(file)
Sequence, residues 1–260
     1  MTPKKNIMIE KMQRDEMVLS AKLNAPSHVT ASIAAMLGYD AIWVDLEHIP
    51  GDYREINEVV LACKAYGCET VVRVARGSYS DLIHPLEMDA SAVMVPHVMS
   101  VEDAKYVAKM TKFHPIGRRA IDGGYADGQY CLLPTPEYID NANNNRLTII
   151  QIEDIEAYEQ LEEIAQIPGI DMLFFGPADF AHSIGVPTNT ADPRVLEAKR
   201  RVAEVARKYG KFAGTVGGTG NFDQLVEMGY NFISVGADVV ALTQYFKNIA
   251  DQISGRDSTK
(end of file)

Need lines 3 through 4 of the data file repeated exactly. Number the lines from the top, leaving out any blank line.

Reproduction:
    51  GDYREINEVV LACKAYGCET VVRVARGSYS DLIHPLEMDA SAVMVPHVMS
   101  VEDAKYVAKM TKFHPIGRRA IDGGYADGQY CLLPTPEYID NANNNRLTII